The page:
An annual of barish places near the sea, in disturbed sand dunes, on roadsides, wall-tops, field margins and waste ground. In the Isles of Scilly it is a frequent bulb-field weed. It is recorded inland as a casual, sometimes introduced with wool shoddy. Lowland.
This species is well-established in the coastal regions of S.W. England, Wales and Ireland, where it is often considered a native. In these areas it is now more frequent than was the case in the 1962 Atlas. It remains an uncommon casual elsewhere.
As an archaeophyte E. moschatum has a Mediterranean-Atlantic distribution; it is widely naturalised outside this range.
Count of 10km squares in Great Britain: 338
Count of 10km squares in Ireland: 80
Count of 10km squares in the Channel Isles: 14
Atlas Change Index: 0.47
Scarce Atlas Account
Erodium moschatum (L.) L'Her.
This species only occasionally occurs in semi-natural habitats in Britain. In the Mendips it grows with other annuals on shallow soils over Carboniferous limestone, and elsewhere in south-west England it can be found in open, drought-prone coastal grassland on thin, often sandy soils and rarely, on coastal rock outcrops. Most of the persistent populations, however, grow in ruderal habitats near the sea, and are typically found on roadside banks and verges, path sides, the sides and tops of Cornish `hedges', trampled turf and waste ground. Medicago arabica, another coastal ruderal, is a frequent associate, as is E. cicutarium where the soil is sandy. In the Isles of Scilly, E. moschatum is a weed of bulb and potato fields, growing with species such as Ranunculus muricatus and R. parviflorus. It is often found as a casual inland, presumably originating from foreign seed, and it was regularly introduced with wool shoddy. It is confined to the lowlands.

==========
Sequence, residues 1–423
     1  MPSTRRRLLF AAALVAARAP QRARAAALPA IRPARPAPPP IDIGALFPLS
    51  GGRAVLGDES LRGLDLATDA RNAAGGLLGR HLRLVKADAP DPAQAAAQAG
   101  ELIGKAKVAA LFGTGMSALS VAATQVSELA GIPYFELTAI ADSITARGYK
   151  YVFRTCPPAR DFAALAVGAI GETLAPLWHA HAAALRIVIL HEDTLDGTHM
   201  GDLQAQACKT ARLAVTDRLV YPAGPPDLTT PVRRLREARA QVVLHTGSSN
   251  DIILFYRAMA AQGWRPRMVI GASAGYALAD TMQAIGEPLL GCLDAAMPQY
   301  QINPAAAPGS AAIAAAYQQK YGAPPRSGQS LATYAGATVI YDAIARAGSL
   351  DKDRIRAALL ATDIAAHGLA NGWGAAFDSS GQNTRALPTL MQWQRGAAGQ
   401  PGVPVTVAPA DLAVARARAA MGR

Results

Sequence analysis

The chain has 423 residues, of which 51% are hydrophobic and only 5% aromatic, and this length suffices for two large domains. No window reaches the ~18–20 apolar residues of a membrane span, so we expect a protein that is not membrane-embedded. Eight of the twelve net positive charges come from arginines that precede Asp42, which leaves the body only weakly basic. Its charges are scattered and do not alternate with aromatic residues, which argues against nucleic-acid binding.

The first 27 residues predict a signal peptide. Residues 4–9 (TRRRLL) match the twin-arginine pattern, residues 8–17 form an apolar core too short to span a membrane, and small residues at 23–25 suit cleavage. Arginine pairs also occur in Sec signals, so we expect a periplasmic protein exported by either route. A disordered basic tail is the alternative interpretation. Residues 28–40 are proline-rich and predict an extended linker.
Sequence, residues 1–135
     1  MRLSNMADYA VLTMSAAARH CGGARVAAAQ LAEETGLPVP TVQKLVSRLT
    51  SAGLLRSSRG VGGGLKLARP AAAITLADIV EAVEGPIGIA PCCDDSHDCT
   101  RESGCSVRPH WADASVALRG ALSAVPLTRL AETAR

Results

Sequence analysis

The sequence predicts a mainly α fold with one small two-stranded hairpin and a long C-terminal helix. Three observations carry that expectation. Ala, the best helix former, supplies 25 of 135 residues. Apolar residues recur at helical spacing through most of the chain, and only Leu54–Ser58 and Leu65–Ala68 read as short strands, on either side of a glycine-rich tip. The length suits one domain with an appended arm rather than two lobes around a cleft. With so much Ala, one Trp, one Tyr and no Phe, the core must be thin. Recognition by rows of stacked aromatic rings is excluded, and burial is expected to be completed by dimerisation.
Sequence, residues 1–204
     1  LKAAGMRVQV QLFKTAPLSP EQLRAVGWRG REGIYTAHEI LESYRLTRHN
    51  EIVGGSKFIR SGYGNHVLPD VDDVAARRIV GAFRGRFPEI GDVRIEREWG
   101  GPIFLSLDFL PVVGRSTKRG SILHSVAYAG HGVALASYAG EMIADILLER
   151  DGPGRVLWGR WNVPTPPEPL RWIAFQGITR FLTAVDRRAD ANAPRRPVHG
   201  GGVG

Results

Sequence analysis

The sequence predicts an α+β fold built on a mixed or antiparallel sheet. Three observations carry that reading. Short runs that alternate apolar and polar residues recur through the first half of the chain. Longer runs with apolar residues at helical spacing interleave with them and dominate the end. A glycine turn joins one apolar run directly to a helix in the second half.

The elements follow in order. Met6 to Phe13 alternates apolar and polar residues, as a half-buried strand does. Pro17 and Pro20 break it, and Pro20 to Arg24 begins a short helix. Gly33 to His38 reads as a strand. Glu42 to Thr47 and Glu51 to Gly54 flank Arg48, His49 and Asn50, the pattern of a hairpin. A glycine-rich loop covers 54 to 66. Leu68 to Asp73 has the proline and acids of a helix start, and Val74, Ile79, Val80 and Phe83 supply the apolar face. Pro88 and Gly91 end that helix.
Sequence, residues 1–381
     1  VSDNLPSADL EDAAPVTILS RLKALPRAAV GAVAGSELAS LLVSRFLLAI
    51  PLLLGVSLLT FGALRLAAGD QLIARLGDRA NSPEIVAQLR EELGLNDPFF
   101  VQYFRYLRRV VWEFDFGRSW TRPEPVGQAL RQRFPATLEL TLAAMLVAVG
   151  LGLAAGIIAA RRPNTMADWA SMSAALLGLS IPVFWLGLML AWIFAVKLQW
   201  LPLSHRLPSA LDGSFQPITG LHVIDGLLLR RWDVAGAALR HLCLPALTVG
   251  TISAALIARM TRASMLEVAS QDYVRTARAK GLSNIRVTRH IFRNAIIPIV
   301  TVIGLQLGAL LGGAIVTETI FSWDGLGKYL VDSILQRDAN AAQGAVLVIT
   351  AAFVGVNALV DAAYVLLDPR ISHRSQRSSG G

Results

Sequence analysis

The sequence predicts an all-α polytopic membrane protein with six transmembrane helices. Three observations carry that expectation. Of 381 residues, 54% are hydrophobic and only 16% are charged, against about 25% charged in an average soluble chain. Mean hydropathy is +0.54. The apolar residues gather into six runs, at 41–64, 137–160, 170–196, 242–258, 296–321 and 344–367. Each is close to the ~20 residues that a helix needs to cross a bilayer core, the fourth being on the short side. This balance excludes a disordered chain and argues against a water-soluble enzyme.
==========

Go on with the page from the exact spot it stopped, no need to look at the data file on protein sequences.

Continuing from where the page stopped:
Seeds of E. moschatum germinate in autumn, and in a mild season plants begin to flower in February. If conditions are favourable they continue flowering until October, the plants becoming larger and coarser as the year advances. Although basically an annual, autumn-flowering plants sometimes persist through the winter to flower again the following spring. Viable fruit is produced by almost all flowers. Populations tend to be small but many of them are surprisingly persistent.
The ruderal habitat of E. moschatum makes it difficult to assess changes in its distribution or abundance, but there is no evidence of marked changes in either. Populations in some semi-natural grasslands may be at risk from scrub encroachment following the cessation of grazing.
E. moschatum is widespread in southern and western Europe, and occurs throughout the Mediterranean region. It is also known as an alien in South Africa, North and South America, Australia and New Zealand.
Although this plant is described as native (Clapham, Tutin and Warburg 1962; Kent 1992; Stace 1991), it may be a long-established alien. It was formerly cultivated as a pot herb for ‘the sweete smell that the whole plant is possessed with’ (Gerardo 1597), although the scent now seems barely detectable. Populations in semi-natural habitats may have originated from cultivated plants.
PLANTATT - Attributes of British and Irish plants. (.zip 1455KB) This dataset was compiled and published in 2004, and last updated in November 2008. Download includes an Excel spreadsheet of the attributes, and a PDF explaining the background and nomenclature. Note that the PDF version is the booklet as published, whereas the Excel spreadsheet incorporates subsequent corrections. A hardcopy can be purchased from the Centre for Ecology and Hydrology.